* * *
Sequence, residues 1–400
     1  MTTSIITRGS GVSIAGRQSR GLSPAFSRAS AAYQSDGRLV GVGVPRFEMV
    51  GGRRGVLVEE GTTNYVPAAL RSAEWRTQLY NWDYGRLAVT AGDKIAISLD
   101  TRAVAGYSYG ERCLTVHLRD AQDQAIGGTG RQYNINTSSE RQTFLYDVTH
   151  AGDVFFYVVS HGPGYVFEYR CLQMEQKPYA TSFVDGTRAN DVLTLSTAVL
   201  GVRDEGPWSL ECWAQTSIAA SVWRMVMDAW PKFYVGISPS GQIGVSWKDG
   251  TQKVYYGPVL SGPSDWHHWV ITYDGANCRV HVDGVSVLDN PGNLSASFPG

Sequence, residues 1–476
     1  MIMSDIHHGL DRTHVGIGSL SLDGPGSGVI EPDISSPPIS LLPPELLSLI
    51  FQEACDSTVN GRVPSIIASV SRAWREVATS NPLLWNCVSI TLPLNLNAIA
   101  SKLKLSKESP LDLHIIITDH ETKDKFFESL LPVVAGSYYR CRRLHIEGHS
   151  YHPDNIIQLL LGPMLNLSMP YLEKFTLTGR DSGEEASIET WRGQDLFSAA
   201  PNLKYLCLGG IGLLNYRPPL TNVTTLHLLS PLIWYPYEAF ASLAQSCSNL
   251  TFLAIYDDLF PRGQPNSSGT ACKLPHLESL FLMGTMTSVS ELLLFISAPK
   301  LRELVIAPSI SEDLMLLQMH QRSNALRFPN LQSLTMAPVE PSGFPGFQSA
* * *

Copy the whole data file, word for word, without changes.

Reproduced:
Sequence, residues 1–400
     1  MTTSIITRGS GVSIAGRQSR GLSPAFSRAS AAYQSDGRLV GVGVPRFEMV
    51  GGRRGVLVEE GTTNYVPAAL RSAEWRTQLY NWDYGRLAVT AGDKIAISLD
   101  TRAVAGYSYG ERCLTVHLRD AQDQAIGGTG RQYNINTSSE RQTFLYDVTH
   151  AGDVFFYVVS HGPGYVFEYR CLQMEQKPYA TSFVDGTRAN DVLTLSTAVL
   201  GVRDEGPWSL ECWAQTSIAA SVWRMVMDAW PKFYVGISPS GQIGVSWKDG
   251  TQKVYYGPVL SGPSDWHHWV ITYDGANCRV HVDGVSVLDN PGNLSASFPG

Sequence, residues 1–476
     1  MIMSDIHHGL DRTHVGIGSL SLDGPGSGVI EPDISSPPIS LLPPELLSLI
    51  FQEACDSTVN GRVPSIIASV SRAWREVATS NPLLWNCVSI TLPLNLNAIA
   101  SKLKLSKESP LDLHIIITDH ETKDKFFESL LPVVAGSYYR CRRLHIEGHS
   151  YHPDNIIQLL LGPMLNLSMP YLEKFTLTGR DSGEEASIET WRGQDLFSAA
   201  PNLKYLCLGG IGLLNYRPPL TNVTTLHLLS PLIWYPYEAF ASLAQSCSNL
   251  TFLAIYDDLF PRGQPNSSGT ACKLPHLESL FLMGTMTSVS ELLLFISAPK
   301  LRELVIAPSI SEDLMLLQMH QRSNALRFPN LQSLTMAPVE PSGFPGFQSA